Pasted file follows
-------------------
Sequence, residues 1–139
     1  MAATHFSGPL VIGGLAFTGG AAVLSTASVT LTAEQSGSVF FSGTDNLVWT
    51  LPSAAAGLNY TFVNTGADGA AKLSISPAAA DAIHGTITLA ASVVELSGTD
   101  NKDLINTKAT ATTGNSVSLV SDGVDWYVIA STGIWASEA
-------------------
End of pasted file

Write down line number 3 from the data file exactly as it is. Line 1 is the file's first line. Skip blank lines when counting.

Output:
    51  LPSAAAGLNY TFVNTGADGA AKLSISPAAA DAIHGTITLA ASVVELSGTD